With the increasing weight of the air she breathed, she saw the fire in the black distance marching like a demonic caravan along the ridge line. The wind spoke of the fire’s intended path and she knew they had to veer west or turn back. Turning back provided several possibilities but most of them ended badly. She had no idea how many men were combing the forest from the direction of the camp or if there were any at all. Only three miles west, the craggy hills meant a slower pace than they needed to make the river by dawn. Sam had warned of the unexpected in the forest and how risky this plan could be in light of the unrest in the valley. He had warned her and she had insulted him. She wished he were here now to roll his eyes and solve the problem. She wished the children’s legs could move faster. She wished she had a weapon.
They huddled among the oaks at the west side of the park. There’s a citrus colored streetlight on that corner where they divided the Roman candles between them in even numbers. Some of them made these quick defensive looks over their shoulders like they were a clutch of birds. I was walking Almo under the same color glow at the opposite end of the block and I would say that I was thinking about nothing but that’s not true. Those fleeting seconds before the explosion, I was without a doubt thinking about how I was going to explain to my daughter’s fiancé how I named the dog after a character in an ancient Roman poem. And then my hearing went and there were parts of those kids dropping out of the sky like heavy confetti. Almo jolted stiff-legged from the sound and vibration of it. My hearing went away, replaced by that high frequency thing. Some of the fireworks were still shooting from the black middle of this mess. It was a mess. I hate that it happened. They just wanted to have fun. They just wanted to be kids. Now they’re just memories of kids. I say I hate it. More like I hate that it happened to me but the rest of it is too sad to ponder at length. Too sad.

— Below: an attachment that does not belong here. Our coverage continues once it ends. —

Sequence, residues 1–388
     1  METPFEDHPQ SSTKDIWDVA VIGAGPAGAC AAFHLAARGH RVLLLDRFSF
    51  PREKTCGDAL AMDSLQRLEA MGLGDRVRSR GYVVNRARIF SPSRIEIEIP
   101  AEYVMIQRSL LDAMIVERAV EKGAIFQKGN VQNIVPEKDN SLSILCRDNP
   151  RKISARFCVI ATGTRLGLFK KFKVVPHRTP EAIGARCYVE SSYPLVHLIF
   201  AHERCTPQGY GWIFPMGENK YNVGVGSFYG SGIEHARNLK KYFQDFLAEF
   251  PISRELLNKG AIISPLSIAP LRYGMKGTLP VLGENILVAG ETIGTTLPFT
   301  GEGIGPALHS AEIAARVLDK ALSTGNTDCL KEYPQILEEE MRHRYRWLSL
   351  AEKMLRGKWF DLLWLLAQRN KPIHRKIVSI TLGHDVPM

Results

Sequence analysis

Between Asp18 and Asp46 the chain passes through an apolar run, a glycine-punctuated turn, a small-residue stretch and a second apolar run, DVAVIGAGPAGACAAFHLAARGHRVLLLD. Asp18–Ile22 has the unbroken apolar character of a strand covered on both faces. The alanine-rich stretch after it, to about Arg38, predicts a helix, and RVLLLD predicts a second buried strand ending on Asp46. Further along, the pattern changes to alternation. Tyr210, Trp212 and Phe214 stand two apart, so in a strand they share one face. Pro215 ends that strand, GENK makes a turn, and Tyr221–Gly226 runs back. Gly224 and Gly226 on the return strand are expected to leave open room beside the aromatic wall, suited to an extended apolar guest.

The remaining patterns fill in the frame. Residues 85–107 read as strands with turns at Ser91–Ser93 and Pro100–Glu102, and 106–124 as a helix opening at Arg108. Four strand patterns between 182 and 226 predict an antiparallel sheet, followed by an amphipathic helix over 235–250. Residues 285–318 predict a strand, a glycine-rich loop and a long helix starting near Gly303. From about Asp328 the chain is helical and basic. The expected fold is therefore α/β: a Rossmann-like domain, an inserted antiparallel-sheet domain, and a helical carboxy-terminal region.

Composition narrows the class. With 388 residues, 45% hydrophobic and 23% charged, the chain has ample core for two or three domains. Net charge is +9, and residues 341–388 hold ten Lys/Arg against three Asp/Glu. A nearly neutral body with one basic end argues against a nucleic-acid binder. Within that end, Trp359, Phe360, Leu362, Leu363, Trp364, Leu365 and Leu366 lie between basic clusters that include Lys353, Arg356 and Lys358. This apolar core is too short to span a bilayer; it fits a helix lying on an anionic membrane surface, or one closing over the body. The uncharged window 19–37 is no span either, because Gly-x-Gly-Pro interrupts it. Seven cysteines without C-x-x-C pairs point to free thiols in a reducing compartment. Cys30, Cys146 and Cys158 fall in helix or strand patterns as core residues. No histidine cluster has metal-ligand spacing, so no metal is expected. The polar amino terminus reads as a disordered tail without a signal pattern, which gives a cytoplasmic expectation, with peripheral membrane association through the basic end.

She’s dead. Or dying. No. She is dead. And she will always be dead. She will never grow old. She will never disappoint or be disappointed. Not with her looks or her age. She will always be this young. The heartache of wrinkles and blemishes will never find her. Heartbreak will never slow her down. Hate for her enemies will never guide her. She will never compete for all those frivolous things that consume other girls. She will never know betrayal. She will never receive retributions for whatever variety of innocent mistakes. She is dead. She is dead and now I will carry all her potential with me. I am certain this burden will always be mine. I am her now, in some unavoidable capacity. The blood is on my hands and her lost potential is bound to me forever. She is dead now and forever.
Ya know, even though my Dad seemed as though he could turn on us, he never did. Always fair. Always willing to listen. Reasonably reliable. I will miss him and his face. I hate that I think of how his face changed overnight. At dinner he’s my dad. At lunch he’s an old man. It scares me. I know how that sounds but you know what I mean. Then I think about other things. Things that don’t weigh as much. I love him. I always lapse into a sense of him still being around. Not in any incorporeal sense but you know, like he's in the neighborhood. More in the way I speak about him. Like, I love my dad.
A skulking darkness swallowed the gate and the soft hills of the valley as the horses sidled past the two men at the rail. Gaston had just lost faith in his grip on his tickets and shoved them into his pocket. Roberts—now known wider as El Correcaminos—wasted several minutes describing his most recent financial failure before Gaston shooshed him into silence and pointed at the horse with the large red six on his flank. That’s our boy, he said. He’ll pay today. Roberts dragged his thumb across the number on his ticket, wanting to elaborate on his difficulties. But Gaston spoke first. Sometimes, Gaston told him, things are not as detrimental as they seem. El Correcaminos offered him a worried expression. Gaston described the vacuum of space and two galaxies wrapping around one another in cosmic collision. From our vantage, the violence of this event is obvious. Then he estimated the millions of stars that populated the clusters as they whizzed past one another in the fusion. Those gargantuan structures racing headfirst at the speed of light will produce very few collisions, he said. They are so large and so porous that the violence is an illusion, Roberts. El Correcaminos couldn’t calculate Gaston’s expectation for the metaphor and he felt sure this description held no sway over current circumstances but he dared not contradict the patriarch, his missing little finger a constant reminder of their hierarchy.